Innovation has helped save the NHS £30 million by delivering reduced treatment costs and improved patient care, a new report shows.
The savings were announced by SBRI (Small Business Research Initiative) Healthcare, an accelerator dedicated to finding companies that have technological solutions which can solve healthcare problems. Through a series of competitions, SBRI Healthcare provides investment to companies to grow and develop their products so they can be procured by the NHS.
SBRI Healthcare has been funded by the NHS for the past five years and has benefitted approximately 1.2 million patients through the companies it has supported.
In particular, the initiative has helped create or safeguard 1,050 jobs throughout small companies, raise over £179 million in funding and deliver 60 products to the market.
SBRI Healthcare has helped products such as Just Checking, a monitoring service for vulnerable adults and dementia sufferers be accepted onto the NHS. Just Checking uses sensors placed around a patient’s home to monitor their mobility and awareness periodically. The sensors capture the data which doctors and relatives can use in the effort of keeping patients at home for longer. The service is now being used by over 80% of local authorities in the UK and has helped the NHS save over £11 million.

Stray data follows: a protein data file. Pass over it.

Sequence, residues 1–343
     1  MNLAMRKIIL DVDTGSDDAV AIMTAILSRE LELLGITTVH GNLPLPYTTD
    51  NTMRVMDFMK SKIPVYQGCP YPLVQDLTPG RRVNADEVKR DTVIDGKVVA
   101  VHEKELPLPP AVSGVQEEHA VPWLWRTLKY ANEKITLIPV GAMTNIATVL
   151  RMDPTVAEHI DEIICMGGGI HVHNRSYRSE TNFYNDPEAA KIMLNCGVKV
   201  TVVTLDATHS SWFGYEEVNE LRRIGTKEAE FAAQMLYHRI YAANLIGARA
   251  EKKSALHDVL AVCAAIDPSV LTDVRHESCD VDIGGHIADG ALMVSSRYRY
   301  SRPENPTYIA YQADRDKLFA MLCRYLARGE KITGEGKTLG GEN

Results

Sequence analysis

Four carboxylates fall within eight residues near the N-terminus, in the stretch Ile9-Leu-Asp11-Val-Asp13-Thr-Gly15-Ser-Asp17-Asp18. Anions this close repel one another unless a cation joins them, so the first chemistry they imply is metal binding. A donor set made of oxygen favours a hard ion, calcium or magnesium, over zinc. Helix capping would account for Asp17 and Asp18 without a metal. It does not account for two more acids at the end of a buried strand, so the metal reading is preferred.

Another SBRI Healthcare funded product is iPlato’s myGP app, which is currently used by over 20 million patients and nearly 3,000 GP practices. The app lets GP practices engage with patients via in-app messaging, voice and video, enabling more efficient triaging.
Karen Livingstone, national director of SBRI Healthcare, said: “At SBRI Healthcare, we are passionate about enabling the NHS to remain at the forefront of medical progress by prioritising the uptake of innovation and technological change. SBRI Healthcare is helping to ensure the NHS embraces innovation that benefits patients, saves the NHS money and keeps the service on the vanguard of medical science and development. At a time of budgetary constraint, new thinking and innovative technology should not be seen as a threat to the NHS’s stability, but rather as a key stepping stone towards a successful future.”
Reece Armstrong is a reporter for Digital Health Age. Coming from the North East of England, Reece has an MA in Media & Journalism and a BA in Popular & Contemporary Music from Newcastle University. Reach him on Twitter or email via: [email protected]